But for all this to be undertaken, the first and possibly most major hurdle you’ll have to clear is the cultural shift within the organization. Willingness to cooperate truthfully and honestly as well as making failure less expensive is at the core of this shift. This cultural move must be led from the top down within the company. Making IT ops, software development, and security stop pointing the finger at each other and understand they all have a shared responsibility in the other departments’ undertaking can be a challenge, but if they’re properly incentivized and understand the overall goal, this shift can be a smoother process for an organization.

This building of the correct foundation as per the above milestones allows you thus to move from getting started into the five stages of DevOps evolution: Normalization, Standardization, Expansion, Automated Infrastructure Delivery, and Self-Service. Companies moving into the Normalization stage adhere to true agile methods, and the speed at which they invoke changes begins to increase, so with time they’re no longer hanging around like a loris, taking days or weeks to patch critical vulnerabilities, but move and adapt with the speed of a peregrine falcon.

In the recent Puppet 2019 State of DevOps report, they try to raise the idea of improving your security stance by moving through the five stages of evolution so you can adapt quickly to vulnerabilities. For instance, about 7% of those surveyed can respond within an hour. Those organizations with fully integrated security practices have the highest levels of DevOps evolution. This evolution, in turn, will let you soar through the clouds.

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Level 17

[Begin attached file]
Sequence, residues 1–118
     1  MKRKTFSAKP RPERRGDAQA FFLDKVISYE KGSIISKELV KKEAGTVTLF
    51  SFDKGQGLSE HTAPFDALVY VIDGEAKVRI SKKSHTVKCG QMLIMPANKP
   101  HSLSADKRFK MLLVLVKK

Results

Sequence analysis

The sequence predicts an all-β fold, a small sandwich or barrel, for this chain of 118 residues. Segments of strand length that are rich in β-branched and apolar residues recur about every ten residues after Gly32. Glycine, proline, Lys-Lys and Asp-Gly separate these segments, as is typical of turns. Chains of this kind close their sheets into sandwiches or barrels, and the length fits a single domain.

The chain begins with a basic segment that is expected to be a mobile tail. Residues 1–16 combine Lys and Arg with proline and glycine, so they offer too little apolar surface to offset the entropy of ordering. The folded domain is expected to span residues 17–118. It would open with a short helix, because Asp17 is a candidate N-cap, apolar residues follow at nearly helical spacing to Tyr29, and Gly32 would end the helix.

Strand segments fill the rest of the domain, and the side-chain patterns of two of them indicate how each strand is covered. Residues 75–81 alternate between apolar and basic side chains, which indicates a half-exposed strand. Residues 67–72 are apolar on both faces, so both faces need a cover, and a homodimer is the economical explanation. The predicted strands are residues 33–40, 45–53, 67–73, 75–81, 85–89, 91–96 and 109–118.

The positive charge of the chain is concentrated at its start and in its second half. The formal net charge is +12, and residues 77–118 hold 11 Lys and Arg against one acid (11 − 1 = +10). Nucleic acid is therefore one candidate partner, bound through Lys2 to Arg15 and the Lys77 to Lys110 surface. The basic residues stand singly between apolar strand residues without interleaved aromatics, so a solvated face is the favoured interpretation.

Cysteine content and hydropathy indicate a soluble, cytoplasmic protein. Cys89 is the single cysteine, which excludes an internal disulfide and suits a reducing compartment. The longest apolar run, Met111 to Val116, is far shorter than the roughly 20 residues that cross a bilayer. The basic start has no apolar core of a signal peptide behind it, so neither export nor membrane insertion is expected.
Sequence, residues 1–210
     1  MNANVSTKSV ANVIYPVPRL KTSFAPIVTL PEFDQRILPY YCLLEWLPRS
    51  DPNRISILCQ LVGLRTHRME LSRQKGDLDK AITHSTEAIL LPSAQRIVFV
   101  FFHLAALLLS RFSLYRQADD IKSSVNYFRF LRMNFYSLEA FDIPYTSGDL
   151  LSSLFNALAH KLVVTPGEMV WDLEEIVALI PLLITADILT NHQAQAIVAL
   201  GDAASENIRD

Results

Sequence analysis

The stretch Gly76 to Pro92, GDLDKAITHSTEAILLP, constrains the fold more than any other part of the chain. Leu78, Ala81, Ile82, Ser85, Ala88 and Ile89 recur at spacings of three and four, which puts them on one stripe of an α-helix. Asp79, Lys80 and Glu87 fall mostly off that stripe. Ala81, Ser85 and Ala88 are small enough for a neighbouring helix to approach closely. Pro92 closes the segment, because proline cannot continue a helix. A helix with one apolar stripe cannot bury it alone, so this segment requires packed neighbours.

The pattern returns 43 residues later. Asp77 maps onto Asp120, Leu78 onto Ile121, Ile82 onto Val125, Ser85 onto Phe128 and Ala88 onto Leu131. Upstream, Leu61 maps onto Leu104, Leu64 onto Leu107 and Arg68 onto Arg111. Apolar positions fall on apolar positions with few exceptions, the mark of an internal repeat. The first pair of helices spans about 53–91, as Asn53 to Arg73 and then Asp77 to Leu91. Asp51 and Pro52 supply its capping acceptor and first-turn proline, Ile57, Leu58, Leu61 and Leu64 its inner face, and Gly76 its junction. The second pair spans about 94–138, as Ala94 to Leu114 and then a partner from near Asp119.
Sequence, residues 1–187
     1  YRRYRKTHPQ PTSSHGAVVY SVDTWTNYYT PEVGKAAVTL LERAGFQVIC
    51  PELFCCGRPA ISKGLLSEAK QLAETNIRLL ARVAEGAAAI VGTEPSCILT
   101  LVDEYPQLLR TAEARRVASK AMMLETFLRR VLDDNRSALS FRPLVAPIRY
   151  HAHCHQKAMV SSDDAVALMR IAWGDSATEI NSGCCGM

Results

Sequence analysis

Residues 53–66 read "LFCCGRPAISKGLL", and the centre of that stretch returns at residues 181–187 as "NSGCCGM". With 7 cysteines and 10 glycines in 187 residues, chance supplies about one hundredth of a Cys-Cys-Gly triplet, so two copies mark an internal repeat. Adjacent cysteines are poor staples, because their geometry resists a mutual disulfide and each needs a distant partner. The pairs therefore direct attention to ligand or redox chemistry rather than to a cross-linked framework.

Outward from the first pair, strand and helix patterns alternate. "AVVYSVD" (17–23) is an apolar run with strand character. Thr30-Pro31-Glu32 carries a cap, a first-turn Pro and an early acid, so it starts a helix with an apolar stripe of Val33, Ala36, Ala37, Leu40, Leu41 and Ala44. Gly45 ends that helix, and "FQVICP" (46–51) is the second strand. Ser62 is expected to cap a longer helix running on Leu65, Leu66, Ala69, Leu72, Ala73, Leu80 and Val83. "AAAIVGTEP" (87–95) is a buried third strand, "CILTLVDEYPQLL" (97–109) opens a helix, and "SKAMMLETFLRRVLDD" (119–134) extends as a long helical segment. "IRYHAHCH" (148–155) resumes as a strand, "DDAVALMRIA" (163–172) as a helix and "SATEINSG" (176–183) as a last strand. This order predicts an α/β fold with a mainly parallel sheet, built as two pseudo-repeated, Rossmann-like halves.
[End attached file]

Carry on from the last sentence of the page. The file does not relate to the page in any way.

Home this week and getting ready for Microsoft Ignite next week in Orlando. If you're at Ignite, please stop by the booth and say hello. I love talking data with anyone.

As always, here's a bunch of links I found interesting. Enjoy!

Microsoft beats Amazon to win the Pentagon’s $10 billion JEDI cloud contract

The most surprising part of this is an online bookstore thought they were the frontrunner. This deal underscores the difference between an enterprise software company with a cloud, and an enterprise infrastructure hosting company that also sells books.

Google claims it has achieved 'quantum supremacy' – but IBM disagrees

You mean Google would embellish upon facts to make themselves look better? Color me shocked.

Amazon migrates more than 100 consumer services from Oracle to AWS databases

"Amazon doesn't run on Oracle; why should you?"

“BriansClub” Hack Rescues 26M Stolen Cards

Counter-hacking is a thing. Expect to see more stories like this one in the coming years.

Berkeley City Council Unanimously Votes to Ban Face Recognition

Until the underlying technology improves, it's best for us to disallow the use of facial recognition for law enforcement purposes.

China’s social credit system isn’t about scoring citizens — it’s a massive API

Well, it's likely both, and a possible surveillance system. But if it keeps jerks away from me when I travel, I'm all for it.

Some Halloween candy is actually healthier than others

Keep this in mind when you're enforcing the Dad Tax on your kid's candy haul tomorrow night.

Every now and then my fire circle regresses to its former life as a pool.

water-circle.jpg

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Level 12

Omar Rafik, SolarWinds Senior Manager, Federal Sales Engineering

Here’s an interesting article by my colleague Jim Hansen about the benefits and challenges of edge computing. Ultimately, this new technology requires scrutiny and planning.

Edge computing is here to stay and it’s no wonder. Edge computing provides federal IT pros with a range of advantages they simply don’t have with more traditional computing environments.

First, edge computing brings memory and computing power closer to the source of data, resulting in faster processing times, lower bandwidth requirements, and improved flexibility. Edge computing can be a source of potential cost savings. With edge computing, data is processed in real time at the edge devices, therefore, it can help save computing cycles on cloud servers and reduce bandwidth requirements.

However, edge computing may also introduce its share of challenges. Among the greatest challenges are visibility and security, based on the decentralized nature of edge computing.

Strategize

As with any technology implementation, start with a strategy. Remember, edge devices are considered agency devices, not cloud devices, therefore they’re the responsibility of the federal IT staff.